CHAPTER ABSTRACT:

Technological advances in research and electronic health records have shifted the emphasis at academic health centers from a focus on data generation to one of data management and analysis. Transformation of the academic health center environment, workflow, and workforce is needed to fully exploit the potential of “big data” in accelerating the discovery and application of new biomedical knowledge. This chapter provides a detailed framework for how academic health centers can establish their own big data resource initiatives to exploit large national databases and merge data from throughout their research and clinical enterprises.

Transformative Changes to Embrace, Manage, and Exploit “Big Data”

While it is easy to talk about “big data,” it is much more complicated to put an infrastructure in place that effectively addresses the realities of exploiting big data in meaningful ways. Part of the complexity stems from the fact that there are various sorts of big data. For example, some big data exist in forms that are relatively easy to compute, such as claims data from insurance. By contrast, though, the electronic health record, with its abundance of free text, produces data that are more daunting to process.

We were well aware of those issues before we undertook this chapter, but writing our thoughts in this form confirmed and underscored that, when it comes to making sense of big data, the vision and the reality remain far apart because of how challenging a problem it is. Individual academic health centers have the opportunity to establish big data resource initiatives that can exploit large national databases, merge data from throughout their research and clinical enterprises, and accelerate the discovery and application of new biomedical knowledge. But doing so effectively requires that each academic health center carefully plan the right big data environment, workflow, and workforce.

Based on our experiences at Pitt, we found that it is important to adequately plan a computing infrastructure. Big data, both from clinical care and research, are only valuable if they are recorded with care, using a nomenclature that permits subsequent merging and sharing for integrated analyses. It is imperative to plan an infrastructure that anticipates growth in data volume and expansion of data types as well as to invest in developing an institutional culture that fundamentally understands the importance of big data. Healthcare personnel at every level, from clinic intake staff to physicians, must work with a mindset that ensures the entry of complete, accurate, and uniform data—good data “hygiene.”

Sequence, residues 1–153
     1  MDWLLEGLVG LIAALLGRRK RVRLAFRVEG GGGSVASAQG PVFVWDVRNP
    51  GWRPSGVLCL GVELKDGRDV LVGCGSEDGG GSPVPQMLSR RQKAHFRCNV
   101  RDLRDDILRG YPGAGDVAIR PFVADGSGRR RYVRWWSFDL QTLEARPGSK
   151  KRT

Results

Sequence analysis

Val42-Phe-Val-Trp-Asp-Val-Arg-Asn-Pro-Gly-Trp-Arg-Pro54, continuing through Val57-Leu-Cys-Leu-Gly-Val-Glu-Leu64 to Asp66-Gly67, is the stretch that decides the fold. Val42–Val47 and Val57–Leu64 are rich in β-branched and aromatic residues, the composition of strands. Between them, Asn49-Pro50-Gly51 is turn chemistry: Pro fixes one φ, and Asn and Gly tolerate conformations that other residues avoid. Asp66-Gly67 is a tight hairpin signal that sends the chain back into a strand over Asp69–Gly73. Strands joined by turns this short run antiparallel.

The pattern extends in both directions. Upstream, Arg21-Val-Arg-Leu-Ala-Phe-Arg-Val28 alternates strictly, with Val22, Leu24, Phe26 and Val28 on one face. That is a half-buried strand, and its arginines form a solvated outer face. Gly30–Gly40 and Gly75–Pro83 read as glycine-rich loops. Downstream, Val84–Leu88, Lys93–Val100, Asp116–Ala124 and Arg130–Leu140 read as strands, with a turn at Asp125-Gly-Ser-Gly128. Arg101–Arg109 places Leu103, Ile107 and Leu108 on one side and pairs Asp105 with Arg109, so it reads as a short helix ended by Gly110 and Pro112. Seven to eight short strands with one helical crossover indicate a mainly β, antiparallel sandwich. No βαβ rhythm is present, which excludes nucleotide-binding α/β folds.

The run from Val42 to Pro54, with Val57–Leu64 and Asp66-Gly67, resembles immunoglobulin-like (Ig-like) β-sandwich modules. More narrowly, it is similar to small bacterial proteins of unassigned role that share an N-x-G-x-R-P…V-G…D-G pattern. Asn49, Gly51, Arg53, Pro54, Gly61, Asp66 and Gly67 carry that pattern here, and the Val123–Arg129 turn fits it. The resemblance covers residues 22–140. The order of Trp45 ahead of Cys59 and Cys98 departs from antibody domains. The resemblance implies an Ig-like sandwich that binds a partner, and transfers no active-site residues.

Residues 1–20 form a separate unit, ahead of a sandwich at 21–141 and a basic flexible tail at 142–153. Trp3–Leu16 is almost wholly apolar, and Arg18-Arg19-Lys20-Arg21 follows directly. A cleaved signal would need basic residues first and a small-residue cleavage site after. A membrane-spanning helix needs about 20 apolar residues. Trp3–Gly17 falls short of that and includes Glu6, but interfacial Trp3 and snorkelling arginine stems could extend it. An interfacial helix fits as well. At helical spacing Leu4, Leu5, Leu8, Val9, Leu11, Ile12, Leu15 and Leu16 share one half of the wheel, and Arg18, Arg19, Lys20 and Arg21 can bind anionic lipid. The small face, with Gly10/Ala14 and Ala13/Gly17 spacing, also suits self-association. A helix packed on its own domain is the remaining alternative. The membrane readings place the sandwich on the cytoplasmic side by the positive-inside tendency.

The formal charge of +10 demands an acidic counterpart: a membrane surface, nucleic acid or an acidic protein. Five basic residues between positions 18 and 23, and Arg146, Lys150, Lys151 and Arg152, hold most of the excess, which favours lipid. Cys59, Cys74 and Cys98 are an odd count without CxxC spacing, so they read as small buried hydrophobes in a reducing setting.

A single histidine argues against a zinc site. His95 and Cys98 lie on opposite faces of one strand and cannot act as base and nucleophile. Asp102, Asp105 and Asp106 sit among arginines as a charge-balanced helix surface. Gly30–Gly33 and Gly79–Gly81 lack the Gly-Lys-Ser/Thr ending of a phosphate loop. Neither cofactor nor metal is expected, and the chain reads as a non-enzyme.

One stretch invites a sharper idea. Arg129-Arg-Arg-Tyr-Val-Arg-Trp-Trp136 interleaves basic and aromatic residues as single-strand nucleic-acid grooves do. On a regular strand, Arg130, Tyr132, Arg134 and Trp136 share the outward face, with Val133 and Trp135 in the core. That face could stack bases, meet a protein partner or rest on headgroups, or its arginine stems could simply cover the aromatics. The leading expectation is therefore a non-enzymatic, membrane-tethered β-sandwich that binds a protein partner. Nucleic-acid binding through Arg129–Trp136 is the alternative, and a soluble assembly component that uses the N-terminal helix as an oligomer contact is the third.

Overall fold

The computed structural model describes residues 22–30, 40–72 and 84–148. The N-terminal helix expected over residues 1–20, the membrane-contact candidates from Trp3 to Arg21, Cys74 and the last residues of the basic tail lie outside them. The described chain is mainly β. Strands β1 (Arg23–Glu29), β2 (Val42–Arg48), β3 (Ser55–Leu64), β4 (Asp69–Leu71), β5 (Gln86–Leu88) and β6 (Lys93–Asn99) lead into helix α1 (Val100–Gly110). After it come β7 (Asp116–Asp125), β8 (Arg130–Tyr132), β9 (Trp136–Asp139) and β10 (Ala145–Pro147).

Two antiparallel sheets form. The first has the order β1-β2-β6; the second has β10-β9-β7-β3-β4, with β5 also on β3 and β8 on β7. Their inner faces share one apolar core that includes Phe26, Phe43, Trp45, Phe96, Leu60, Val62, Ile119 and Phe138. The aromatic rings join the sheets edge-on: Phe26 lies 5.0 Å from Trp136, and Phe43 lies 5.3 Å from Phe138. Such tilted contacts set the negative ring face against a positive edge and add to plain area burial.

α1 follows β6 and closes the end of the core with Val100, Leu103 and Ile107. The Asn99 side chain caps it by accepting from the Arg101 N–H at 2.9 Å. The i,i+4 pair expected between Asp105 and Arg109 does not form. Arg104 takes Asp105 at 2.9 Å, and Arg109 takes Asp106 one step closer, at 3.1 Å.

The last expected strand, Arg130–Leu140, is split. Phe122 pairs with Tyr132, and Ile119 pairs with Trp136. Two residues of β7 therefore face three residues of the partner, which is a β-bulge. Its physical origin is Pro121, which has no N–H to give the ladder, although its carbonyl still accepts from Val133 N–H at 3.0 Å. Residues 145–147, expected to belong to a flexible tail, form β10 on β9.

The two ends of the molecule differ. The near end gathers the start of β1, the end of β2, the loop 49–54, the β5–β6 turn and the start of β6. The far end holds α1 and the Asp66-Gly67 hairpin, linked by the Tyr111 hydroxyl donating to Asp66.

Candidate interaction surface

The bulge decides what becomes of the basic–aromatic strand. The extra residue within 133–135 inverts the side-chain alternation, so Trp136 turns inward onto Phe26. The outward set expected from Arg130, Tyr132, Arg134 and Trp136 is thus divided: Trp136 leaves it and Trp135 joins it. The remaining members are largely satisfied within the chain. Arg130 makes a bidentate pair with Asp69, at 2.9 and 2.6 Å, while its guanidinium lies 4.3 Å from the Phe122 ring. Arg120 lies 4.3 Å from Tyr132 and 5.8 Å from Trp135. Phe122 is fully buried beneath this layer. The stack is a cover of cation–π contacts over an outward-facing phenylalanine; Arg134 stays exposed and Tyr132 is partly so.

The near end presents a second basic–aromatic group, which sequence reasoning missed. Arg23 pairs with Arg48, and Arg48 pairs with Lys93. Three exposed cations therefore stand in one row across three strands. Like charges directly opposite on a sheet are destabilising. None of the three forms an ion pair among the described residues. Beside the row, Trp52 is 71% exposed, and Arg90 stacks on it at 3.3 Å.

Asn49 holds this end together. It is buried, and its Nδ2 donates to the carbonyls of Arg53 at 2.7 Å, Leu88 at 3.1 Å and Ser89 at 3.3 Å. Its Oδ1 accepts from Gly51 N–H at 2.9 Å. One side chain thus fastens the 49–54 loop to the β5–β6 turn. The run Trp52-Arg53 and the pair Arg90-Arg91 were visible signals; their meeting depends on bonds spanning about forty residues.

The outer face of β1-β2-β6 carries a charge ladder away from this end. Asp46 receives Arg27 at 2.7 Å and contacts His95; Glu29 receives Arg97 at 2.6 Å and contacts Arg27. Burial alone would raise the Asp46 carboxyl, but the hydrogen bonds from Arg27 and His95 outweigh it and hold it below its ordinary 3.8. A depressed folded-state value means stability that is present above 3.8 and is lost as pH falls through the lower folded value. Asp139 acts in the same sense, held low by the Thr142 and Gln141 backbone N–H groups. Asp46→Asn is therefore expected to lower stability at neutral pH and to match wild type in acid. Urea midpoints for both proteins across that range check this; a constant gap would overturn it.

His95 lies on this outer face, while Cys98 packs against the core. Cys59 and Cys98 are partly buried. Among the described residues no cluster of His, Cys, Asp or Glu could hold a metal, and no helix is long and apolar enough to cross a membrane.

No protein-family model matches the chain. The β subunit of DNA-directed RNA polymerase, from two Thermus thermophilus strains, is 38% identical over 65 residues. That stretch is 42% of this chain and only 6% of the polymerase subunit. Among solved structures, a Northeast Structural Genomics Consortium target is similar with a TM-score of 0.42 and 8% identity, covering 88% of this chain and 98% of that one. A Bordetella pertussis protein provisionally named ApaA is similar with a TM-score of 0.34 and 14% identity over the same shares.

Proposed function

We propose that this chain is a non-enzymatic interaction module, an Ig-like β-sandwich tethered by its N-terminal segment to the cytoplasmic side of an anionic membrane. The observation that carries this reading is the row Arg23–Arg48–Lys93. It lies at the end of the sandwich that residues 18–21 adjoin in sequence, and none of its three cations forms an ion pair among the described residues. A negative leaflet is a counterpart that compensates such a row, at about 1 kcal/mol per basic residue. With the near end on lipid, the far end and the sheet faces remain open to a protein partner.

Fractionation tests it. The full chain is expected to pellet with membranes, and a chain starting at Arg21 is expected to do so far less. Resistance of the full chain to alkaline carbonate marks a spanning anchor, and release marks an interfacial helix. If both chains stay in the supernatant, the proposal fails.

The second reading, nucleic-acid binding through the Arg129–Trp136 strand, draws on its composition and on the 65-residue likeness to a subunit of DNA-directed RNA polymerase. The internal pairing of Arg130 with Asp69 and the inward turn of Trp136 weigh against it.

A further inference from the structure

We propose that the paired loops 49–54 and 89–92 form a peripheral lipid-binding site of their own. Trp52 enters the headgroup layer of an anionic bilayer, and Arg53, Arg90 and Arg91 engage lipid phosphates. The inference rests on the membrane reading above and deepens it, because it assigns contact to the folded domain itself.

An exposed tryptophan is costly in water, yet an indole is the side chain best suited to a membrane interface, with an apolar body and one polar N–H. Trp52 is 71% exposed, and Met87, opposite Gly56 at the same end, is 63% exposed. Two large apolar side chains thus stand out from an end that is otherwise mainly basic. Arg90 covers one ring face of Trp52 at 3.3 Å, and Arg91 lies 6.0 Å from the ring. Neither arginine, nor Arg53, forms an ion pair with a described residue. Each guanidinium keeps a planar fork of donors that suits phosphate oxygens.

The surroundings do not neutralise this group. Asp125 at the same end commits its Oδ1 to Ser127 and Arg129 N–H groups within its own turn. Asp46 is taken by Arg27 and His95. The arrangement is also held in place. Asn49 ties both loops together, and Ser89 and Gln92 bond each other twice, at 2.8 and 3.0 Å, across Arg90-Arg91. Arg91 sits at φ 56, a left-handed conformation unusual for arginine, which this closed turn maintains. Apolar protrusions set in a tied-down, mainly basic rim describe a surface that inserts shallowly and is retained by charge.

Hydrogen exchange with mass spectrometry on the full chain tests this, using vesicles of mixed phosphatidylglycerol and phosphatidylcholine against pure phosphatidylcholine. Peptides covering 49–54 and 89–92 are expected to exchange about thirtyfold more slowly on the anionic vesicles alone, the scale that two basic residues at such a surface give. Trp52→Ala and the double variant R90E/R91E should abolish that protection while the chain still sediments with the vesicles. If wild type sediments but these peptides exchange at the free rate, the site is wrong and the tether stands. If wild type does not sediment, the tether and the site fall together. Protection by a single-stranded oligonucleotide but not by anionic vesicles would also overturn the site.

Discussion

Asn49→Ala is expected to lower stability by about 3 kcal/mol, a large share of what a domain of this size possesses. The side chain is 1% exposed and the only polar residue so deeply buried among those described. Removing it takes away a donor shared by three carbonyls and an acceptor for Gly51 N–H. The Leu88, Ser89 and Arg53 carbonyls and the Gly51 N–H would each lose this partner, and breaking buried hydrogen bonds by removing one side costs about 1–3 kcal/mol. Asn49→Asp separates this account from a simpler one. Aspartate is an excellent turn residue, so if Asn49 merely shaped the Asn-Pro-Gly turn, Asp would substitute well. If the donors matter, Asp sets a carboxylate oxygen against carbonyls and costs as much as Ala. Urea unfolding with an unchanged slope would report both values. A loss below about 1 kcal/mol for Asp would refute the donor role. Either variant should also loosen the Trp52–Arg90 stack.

In terms of infrastructure, rather than reinvent the wheel, academic health centers should explore partnerships that can help them gain the expertise they need—such as university partners and other collaborators who can help design and implement an appropriate infrastructure— and help them avoid mistakes, including overspending, that result too often when an institution tries to go it alone. At Pitt, we took advantage of existing expertise in the schools of health sciences, other parts of the university, and in Pittsburgh at large. We describe some of these partnerships in the chapter, in the hope that they might be illustrative for other academic health centers.

In fact, we recently announced a new and very substantial agreement related to healthcare and big data. This agreement engages our University, Carnegie Mellon University (CMU), and the University of Pittsburgh Medical Center (UPMC). UPMC holds one of the largest patient data-bases in the United States; CMU has a top-tier computer science/machine learning program; and, our medical school has leading departments of biomedical informatics and computational biology. The goal of this agreement is to identify aspects of this new tri-partite platform that can be commercialized. UPMC will provide abundant capital in support of commercialization.

As with so many innovations, it is important for academic health centers to do their homework before plunging into the vital but challenging world of big data.

Arthur S. Levine, MD
Senior Vice Chancellor for the Health Sciences
John and Gertrude Petersen Dean,
School of Medicine Professor of Medicine and Molecular Genetics
University of Pittsburgh

Michelle L. Kienholz
Science Communications,
Institute for Personalized Medicine
University of Pittsburgh

Rebecca S. Crowley, MD, MS
Professor of Biomedical Informatics
Department of Biomedical Informatics
Chief Information Officer,
Institute for Personalized Medicine
Director,
Biomedical Informatics Graduate Training Program
University of Pittsburgh

Jeremy M. Berg, PhD
Associate Senior Vice Chancellor for Science Strategy and Planning Health Sciences
Pittsburgh Foundation Chair and Director,
Institute for Personalized Medicine Professor of Computational and Systems Biology
University of Pittsburgh